Private Benefits of Control and Bank Loan Contracts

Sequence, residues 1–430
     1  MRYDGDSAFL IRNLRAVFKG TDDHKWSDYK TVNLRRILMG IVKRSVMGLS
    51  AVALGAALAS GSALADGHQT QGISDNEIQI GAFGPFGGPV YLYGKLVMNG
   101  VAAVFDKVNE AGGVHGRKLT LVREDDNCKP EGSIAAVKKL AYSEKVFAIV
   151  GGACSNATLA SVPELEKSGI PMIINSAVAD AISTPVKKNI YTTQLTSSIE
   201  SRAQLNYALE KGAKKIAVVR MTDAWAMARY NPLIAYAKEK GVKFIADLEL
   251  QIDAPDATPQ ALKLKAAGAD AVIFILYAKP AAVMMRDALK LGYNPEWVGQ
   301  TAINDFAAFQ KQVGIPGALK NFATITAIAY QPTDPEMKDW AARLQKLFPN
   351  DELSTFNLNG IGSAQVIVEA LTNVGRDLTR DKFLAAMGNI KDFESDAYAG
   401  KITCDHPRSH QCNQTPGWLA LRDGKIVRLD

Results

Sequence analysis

This paper investigates whether or not private benefits of control by managers and large shareholders influence the financing cost of firms. Evidence shows that lending banks demand a significantly higher loan spread, higher fees, shorter loan maturity, smaller loan size, stricter covenants, and greater collateral on firms with greater private benefits of control. Results are stronger for firms with weak corporate governance quality, supporting the agency cost viewpoint. Such evidence implies that banks consider higher private benefits of control as a type of agency problem when they make lending decisions.